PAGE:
Focus On the Counties | WYPR

Focus On the Counties

1822 Map of Maryland by H.C. Carey -The Rumsey Collection
Credit Creative Commons© 2000 by Cartography Associates

In this occasional series of conversations with the region's county executives, we spotlight the diverse and complex realities facing Marylanders living outside Baltimore and across the state.  Whether it's an issue of transportation or taxation, the environment or public health, community policing or criminal justice, we'll explore the concerns of Maryland residents and ask their county executives how those concerns are being addressed.

In the sixth and final installment of the Focus on the Counties series, Tom speaks with Kent County Administrator, Shelley Herman Heller. Kent County is one of nine counties in the state that do not have a county executive, instead administrators are appointed by a board of elected commissioners. Heller was appointed County Administrator in July 2015. She is a Kent County native, and was town administrator of her hometown, Betterton, MD, from 2011 -2014, and then the finance officer for the town before taking on the top job in the county. 

Also joining the conversation is Chris Cerino. He’s the mayor of Chestertown, the largest town in Kent County. As a part-time mayor, Cerino makes an annual salary of $7,500 a year. In his other day job, he is Vice President of the Sultana Education Foundation, a local nonprofit that focuses on the history and ecology of the Chesapeake Bay.

With just 20,000 residents, Kent is Maryland’s smallest county and the population is still declining. Heller and Cerino join to discuss the challenges of serving an aging and shrinking population.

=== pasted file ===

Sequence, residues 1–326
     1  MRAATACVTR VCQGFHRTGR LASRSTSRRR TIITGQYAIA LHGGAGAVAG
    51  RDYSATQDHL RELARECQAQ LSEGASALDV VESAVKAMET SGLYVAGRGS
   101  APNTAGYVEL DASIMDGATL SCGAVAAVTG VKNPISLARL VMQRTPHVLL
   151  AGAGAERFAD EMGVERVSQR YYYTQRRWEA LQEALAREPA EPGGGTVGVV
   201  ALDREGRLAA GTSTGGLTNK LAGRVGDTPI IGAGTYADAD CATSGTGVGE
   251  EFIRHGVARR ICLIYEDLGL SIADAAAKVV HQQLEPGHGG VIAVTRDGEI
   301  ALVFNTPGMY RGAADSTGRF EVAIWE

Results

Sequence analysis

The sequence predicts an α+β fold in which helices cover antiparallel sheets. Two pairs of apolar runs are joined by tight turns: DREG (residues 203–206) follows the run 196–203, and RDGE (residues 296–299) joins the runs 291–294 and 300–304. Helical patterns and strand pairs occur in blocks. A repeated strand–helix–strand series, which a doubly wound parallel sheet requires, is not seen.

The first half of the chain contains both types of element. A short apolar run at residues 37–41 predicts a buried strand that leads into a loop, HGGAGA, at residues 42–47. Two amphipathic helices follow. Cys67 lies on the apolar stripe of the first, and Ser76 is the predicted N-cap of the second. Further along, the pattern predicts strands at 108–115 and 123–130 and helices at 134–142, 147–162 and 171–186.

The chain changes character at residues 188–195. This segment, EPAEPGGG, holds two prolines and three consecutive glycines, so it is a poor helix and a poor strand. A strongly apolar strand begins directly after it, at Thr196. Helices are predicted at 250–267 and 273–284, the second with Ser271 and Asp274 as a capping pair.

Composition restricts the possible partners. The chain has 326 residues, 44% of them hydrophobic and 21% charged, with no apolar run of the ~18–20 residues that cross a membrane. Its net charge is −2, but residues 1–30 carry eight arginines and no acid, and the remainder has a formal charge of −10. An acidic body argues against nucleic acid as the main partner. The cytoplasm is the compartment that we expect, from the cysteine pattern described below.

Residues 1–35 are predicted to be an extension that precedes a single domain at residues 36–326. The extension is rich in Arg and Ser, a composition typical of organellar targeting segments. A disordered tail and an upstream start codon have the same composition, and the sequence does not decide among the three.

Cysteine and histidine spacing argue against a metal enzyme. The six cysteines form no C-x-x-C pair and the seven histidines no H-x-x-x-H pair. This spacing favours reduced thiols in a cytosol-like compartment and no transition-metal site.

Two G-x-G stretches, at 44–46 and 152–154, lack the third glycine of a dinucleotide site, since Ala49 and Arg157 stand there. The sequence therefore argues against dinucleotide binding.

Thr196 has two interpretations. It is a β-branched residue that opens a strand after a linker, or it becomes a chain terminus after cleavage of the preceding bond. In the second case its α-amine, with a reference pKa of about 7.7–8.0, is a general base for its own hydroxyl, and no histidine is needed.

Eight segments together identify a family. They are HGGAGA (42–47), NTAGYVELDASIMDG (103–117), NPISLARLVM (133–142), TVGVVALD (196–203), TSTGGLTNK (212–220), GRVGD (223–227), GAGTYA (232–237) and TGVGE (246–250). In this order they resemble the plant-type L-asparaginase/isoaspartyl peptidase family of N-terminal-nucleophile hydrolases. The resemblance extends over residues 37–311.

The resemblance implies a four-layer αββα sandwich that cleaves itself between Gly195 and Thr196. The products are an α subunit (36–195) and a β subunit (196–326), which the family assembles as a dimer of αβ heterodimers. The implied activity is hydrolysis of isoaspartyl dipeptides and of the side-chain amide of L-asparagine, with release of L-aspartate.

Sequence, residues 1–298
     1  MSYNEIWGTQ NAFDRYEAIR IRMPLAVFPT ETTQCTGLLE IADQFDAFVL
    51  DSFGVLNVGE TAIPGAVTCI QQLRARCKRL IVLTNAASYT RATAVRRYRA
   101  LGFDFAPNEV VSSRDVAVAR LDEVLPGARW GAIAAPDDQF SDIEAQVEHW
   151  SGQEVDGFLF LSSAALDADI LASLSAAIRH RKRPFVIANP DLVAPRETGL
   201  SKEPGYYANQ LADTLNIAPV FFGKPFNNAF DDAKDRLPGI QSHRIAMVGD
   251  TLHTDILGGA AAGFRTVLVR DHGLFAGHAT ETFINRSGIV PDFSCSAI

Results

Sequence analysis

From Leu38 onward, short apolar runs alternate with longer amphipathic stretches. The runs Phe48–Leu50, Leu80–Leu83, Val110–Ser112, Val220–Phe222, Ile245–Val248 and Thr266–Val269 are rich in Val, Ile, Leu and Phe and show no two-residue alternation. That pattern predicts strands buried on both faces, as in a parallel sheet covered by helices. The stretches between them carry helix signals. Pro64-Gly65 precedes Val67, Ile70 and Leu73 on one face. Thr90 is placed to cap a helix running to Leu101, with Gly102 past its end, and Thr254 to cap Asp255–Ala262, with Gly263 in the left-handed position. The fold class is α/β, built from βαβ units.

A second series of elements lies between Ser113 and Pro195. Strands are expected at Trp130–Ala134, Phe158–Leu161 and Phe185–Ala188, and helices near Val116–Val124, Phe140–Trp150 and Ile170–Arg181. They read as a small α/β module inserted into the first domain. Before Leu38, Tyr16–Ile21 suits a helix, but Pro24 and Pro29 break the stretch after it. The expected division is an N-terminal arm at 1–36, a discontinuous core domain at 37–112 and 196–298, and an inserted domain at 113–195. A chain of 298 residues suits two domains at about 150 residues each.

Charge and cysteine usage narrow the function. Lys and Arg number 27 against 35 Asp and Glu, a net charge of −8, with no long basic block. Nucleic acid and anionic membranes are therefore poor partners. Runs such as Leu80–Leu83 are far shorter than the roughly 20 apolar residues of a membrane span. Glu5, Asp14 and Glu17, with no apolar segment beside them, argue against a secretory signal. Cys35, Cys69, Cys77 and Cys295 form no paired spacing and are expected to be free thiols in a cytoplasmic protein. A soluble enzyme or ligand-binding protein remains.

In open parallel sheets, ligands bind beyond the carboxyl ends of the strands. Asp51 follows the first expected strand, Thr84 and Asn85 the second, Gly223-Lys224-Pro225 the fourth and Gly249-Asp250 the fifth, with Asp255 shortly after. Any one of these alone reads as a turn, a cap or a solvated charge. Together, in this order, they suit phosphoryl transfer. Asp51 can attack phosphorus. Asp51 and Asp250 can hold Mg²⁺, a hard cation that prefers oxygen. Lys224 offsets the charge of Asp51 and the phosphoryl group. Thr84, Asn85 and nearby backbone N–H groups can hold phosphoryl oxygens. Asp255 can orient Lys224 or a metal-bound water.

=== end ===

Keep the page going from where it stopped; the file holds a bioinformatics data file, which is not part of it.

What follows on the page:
The Chestertown Riverfest takes place from Sept. 23-24 on the shore of the Chester River. The festival features food, crafts, water sports and other family activities. The festival is presented by Chestertown RiverArts, Washington College Center for Environment and Society and SANDBOX. 

Photo courtesy Frederick County Government

In another installment in our Focus on the Counties series, Tom is joined by Frederick County Executive Jan Gardner. Ms. Gardner is 59 years old and a native of Northwestern Pennsylvania. She moved to Frederick County in the early 90s, where her husband’s family has resided for six generations. A mother of three adult children, she and her husband now live in the city of Frederick.

Ms. Gardner is a Democrat and Frederick County’s first County Executive.  She holds an M.B.A. from Xavier University. She served as Frederick County Commissioner and the President of Frederick County Commissioners before being elected County Executive in 2014.

According to census data released last year, Frederick County is the fifth fastest-growing county in the state of Maryland.  County Executive Jan Gardner explains how that growth has been affecting life - and governance - in Frederick County.

photo courtesy Harford County Government

We begin today with another installment in our Focus on the Counties series.  Over the past few weeks, Tom Hall has been joined in Studio A by the county executives of Baltimore, Howard, and Anne Arundel Counties. This morning Tom welcomes Harford County Executive Barry Glassman to the studio. Mr. Glassman is 54 years old and a native of Havre de Grace, Maryland.  He is a Republican, elected in 2014.